Reading Napolean Hill’s – Keys to Success

20 Nov

Napoleon Hill's Keys to Success: The 17 Principles of Personal AchievementNapoleon Hill’s Keys to Success: The 17 Principles of Personal Achievement by Napoleon Hill

My rating: 4 of 5 stars

View all my reviews


Having read Think and Grow Rich and quiet impressed by it, this was a natural choice to pick up from my wishlist. Napolean Hill does an amazing job in formulating the idea that we all have heard or seen practiced. However, we never got a chance study and condense them into these 17 principles that Napolean discusses. To mention them , they are:

  1. Have definite goals
  2. Form a team that actively improve by symbiosis
  3. Improve personality
  4. Have Faith with practice
  5. Do the extra work
  6. Be Initiative
  7. Have positive attitude
  8. Control enthusiasm
  9. Be disciplined
  10. Think based on facts
  11. Focus
  12. Inspire – Teamwork
  13. Learn from failures
  14. Be creative
  15. Be healthy
  16. Manage Time and Money
  17. Discipline the habits

This formulation works with any goal. I have personally experienced this by  revisiting some of my personal experiences where I set a goal and achieved it.  Though I had neither read this book at that time nor tried any self-analysis. But after reading the book it turns out true that I have actually followed most if not all the steps mentioned.

It is common sense that we are normally limited by resources at a specific time. Mostly these resources are monetary savings, emotional savings, personal health and accomplishments (read failures), facts available and the level of belief and confidence.

Like we notice with anything else, if we are really good at a particular thing we tend to perform better than the expected normal on other subject. Say , if you are a student in school. If you are really good in English you will definitely notice a great improvement in your social science or history test results because of your English and the confidence that it creates within you.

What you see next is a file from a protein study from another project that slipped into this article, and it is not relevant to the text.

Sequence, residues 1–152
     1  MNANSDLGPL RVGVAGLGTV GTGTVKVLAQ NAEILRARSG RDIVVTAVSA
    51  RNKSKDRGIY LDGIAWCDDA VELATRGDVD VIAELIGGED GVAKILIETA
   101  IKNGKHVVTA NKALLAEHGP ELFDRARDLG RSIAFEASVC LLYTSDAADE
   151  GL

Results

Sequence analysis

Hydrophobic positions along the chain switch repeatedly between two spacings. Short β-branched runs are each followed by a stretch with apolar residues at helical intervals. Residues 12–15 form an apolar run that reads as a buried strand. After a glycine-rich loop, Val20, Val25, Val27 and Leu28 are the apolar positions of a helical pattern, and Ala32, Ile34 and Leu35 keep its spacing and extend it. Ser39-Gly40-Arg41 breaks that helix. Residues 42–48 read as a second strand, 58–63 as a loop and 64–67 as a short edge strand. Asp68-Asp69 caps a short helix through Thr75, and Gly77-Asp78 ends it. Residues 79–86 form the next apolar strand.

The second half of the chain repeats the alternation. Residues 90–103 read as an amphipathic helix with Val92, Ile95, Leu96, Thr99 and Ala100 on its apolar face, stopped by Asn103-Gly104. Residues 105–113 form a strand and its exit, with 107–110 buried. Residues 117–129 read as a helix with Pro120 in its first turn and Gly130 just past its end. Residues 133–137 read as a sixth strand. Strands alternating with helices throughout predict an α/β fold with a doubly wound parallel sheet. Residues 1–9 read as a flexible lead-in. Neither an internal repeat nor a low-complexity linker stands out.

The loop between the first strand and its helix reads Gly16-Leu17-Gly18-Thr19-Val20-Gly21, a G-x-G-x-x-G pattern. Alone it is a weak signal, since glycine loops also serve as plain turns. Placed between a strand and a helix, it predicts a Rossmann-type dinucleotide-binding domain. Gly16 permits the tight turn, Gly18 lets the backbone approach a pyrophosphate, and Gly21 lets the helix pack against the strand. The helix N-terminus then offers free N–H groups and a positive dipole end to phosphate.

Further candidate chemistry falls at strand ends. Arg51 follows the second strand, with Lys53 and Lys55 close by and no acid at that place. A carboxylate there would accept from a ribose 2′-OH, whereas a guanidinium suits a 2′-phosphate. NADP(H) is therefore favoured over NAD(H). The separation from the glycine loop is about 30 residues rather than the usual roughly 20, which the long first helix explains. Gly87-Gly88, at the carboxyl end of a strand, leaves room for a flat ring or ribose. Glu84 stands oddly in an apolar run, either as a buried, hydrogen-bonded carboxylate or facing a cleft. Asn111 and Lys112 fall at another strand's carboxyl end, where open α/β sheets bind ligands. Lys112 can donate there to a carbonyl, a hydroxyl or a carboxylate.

Habits are nice to have in which we auto pilot most of the stuff that we need done, so it becomes muscle memory than a strenuous mental computation process. This helps us put all the routine task to auto pilot so we focus on goals that need creativity and focus.


There are multiple other books that took some of these principles and expanded upon it.

Habits are nicely covered by Stephen R. Covey

Focus is touched upon by Cal Newport in Deep Work

Norman Vincent Peale had expanded upon power of positive thinking

Everyone has faced faith either by force or by habit, to realize it by applied faith and practice is upon the self. Whenever Napolean says about faith I pass through the paragraphs since I believe in something, that some people call religion. Every person has her/his own opinion and faith. If that works for them then look no further. This is de-facto covered by default.

I could easily relate to having used these principles in some of my job searched. The last search was highly effective. We had an awesome team of job seekers, all from my research group. All planning on graduating and we used to discuss our research and job search alike. Though we had different target graduation dates and goal deadline, we all achieved it. Did our graduation, defended thesis/defense, published it, got a job. The magic of working in groups and discussing is rare. To get such a group at the right time and to nourish and learn from the group was a great learning experience.


Throughout the 17 points listed , one theme is evident. That is control. A person in charge, in control of their destiny plans ahead, plans for failures, assimilates resources, focuses at the goal to be attained and devotes time, effort and resources in relentless pursuit with completely controlled enthusiasm. This is driven by positive attitude supported by discipline in actions and thoughts. This is exactly what the book articulates.

Overall this is a nice read, if you know something just skip that section and the book will yield what you picked it up for.


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Posted by on November 20, 2017 in Book Review, Review, Uncategorized


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